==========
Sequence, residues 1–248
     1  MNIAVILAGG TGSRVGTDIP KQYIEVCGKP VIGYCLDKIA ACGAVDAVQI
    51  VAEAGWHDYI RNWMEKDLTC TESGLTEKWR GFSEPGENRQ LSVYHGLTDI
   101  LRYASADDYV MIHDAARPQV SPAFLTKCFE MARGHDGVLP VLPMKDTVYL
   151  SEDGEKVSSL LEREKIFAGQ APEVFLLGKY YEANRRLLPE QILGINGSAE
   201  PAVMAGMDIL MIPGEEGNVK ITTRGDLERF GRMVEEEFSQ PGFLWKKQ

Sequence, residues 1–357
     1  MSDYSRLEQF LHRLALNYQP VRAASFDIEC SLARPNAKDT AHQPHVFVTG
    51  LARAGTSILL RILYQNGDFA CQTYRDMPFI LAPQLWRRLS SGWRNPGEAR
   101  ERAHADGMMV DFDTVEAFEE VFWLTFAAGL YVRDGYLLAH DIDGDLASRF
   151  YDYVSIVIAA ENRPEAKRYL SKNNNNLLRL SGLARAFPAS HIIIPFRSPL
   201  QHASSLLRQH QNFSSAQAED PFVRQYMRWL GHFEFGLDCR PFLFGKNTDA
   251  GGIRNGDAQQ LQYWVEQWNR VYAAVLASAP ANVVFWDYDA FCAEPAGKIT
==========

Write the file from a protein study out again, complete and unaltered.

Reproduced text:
Sequence, residues 1–248
     1  MNIAVILAGG TGSRVGTDIP KQYIEVCGKP VIGYCLDKIA ACGAVDAVQI
    51  VAEAGWHDYI RNWMEKDLTC TESGLTEKWR GFSEPGENRQ LSVYHGLTDI
   101  LRYASADDYV MIHDAARPQV SPAFLTKCFE MARGHDGVLP VLPMKDTVYL
   151  SEDGEKVSSL LEREKIFAGQ APEVFLLGKY YEANRRLLPE QILGINGSAE
   201  PAVMAGMDIL MIPGEEGNVK ITTRGDLERF GRMVEEEFSQ PGFLWKKQ

Sequence, residues 1–357
     1  MSDYSRLEQF LHRLALNYQP VRAASFDIEC SLARPNAKDT AHQPHVFVTG
    51  LARAGTSILL RILYQNGDFA CQTYRDMPFI LAPQLWRRLS SGWRNPGEAR
   101  ERAHADGMMV DFDTVEAFEE VFWLTFAAGL YVRDGYLLAH DIDGDLASRF
   151  YDYVSIVIAA ENRPEAKRYL SKNNNNLLRL SGLARAFPAS HIIIPFRSPL
   201  QHASSLLRQH QNFSSAQAED PFVRQYMRWL GHFEFGLDCR PFLFGKNTDA
   251  GGIRNGDAQQ LQYWVEQWNR VYAAVLASAP ANVVFWDYDA FCAEPAGKIT